R. D. Patterson: The casting method used by Hiram was the cire perdue or lost-wax process, used from 2500 B.C. in Egypt until the Middle Ages. It is still often used for high quality sculptures. First a clay core is made, then covered with wax to the desired thickness. The wax is molded according to the intended design, then overlaid with specially prepared clay. The whole mold is then evenly baked for a period of time, possibly several days. During this time the wax is withdrawn through the outer mold through vents. Then molten bronze is poured into the same vents. Huge furnaces must have been used by Hiram and great skill required to ensure a uniform flow and distribution of molten metal and proper escape of gases. Only a master craftsman could have successfully carried out so huge an undertaking as was required here.

b. (:47) Weight of the Bronze

“And Solomon left all the utensils unweighed, because they were

too many; the weight of the bronze could not be ascertained.”

G. (:48-50) List of Additional Golden Temple Artifacts Made by Solomon

1. (:48) Temple Furniture

“And Solomon made all the furniture which was in the house of the LORD: the golden altar and the golden table on which was the bread of the Presence;”

August Konkel: The gold work is credited to Solomon himself, though he certainly did not do it personally. The implication seems to be that the most precious objects are made by an Israelite rather than a hired foreign craftsman.

Brian Bell: Everything about the building & its furniture was meant as a teaching tool. Every point had a typological value, which pointed to Christ.

– Tabernacle (And the Word became flesh and dwelt among us).

– Lampstand (light of the world).

– Showbread (I am the bread of life).

– Veil (which He consecrated for us, through the veil, that is, His flesh).

– Basin (washes us).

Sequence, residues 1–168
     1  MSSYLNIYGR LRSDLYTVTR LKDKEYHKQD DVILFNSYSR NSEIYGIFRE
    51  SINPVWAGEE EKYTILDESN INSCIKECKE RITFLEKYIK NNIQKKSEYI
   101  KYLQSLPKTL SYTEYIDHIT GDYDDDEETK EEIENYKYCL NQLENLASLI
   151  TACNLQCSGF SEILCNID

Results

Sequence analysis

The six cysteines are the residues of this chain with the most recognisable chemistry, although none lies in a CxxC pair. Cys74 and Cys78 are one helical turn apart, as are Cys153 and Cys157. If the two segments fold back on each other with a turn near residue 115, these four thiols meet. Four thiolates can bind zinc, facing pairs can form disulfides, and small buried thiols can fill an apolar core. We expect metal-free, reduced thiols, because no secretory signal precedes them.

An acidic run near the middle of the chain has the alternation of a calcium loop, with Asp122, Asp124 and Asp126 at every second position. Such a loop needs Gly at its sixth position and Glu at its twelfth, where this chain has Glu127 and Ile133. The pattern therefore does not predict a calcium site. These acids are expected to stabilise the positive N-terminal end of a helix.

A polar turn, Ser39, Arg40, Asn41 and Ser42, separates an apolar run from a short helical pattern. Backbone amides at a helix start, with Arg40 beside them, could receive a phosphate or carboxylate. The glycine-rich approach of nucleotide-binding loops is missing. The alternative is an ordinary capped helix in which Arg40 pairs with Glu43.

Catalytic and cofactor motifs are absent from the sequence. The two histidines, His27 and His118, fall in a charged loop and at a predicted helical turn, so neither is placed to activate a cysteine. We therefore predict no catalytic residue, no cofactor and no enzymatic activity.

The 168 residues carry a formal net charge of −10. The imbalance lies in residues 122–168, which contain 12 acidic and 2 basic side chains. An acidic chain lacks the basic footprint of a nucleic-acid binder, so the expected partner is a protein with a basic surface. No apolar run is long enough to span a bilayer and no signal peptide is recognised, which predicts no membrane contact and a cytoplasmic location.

– Altar (He is the sacrifice).

– Priest (Jesus the High Priest).

2. (:49a) Temple Lampstands

“and the lampstands, five on the right side and five on the left, in front of the inner sanctuary, of pure gold;”

3. (:49b) Temple Accessories

“and the flowers and the lamps and the tongs, of gold;”

4. (:50a) Temple Utensils

“and the cups and the snuffers and the bowls

and the spoons and the firepans, of pure gold;”

Constable: As in the Mosaic tabernacle, the metals used expressed the glory of God. The closer to the ark, the throne of Yahweh, the more valuable was the metal used. Everything inside the temple was gold or gold plated, and outside the temple there was bronze. While the ordinary Israelite did not see the inside of the temple, he or she would have known of its glory.

Wiersbe: The priests required many different utensils in order to carry on their work, including wick trimmers, bowls for sprinkling water and sacrificial blood, dishes, ladles, large pots for cooking the meat form the peace offerings, and shovels for removing the ashes. The temple was an imposing structure that contained expensive furnishings made of gold and polished bronze, but the daily ministry would have been impossible without these small utensils.

5. (:50b) Temple Door Hinges

“and the hinges both for the doors of the inner house, the most holy place, and for the doors of the house, that is, of the nave, of gold.”

H. (:51) Completion of the Construction and Financial Endowment

“Thus all the work that King Solomon performed

in the house of the LORD was finished.

And Solomon brought in the things dedicated by his father David,

the silver and the gold and the utensils,

and he put them in the treasuries of the house of the LORD.”

Caleb Nelson: Finally, the last verse highlights again how thoroughly Solomon provided for the worship of God. He even endowed the temple with all kinds of treasure, so that it would always have money to keep itself running when tithes and offerings ran low.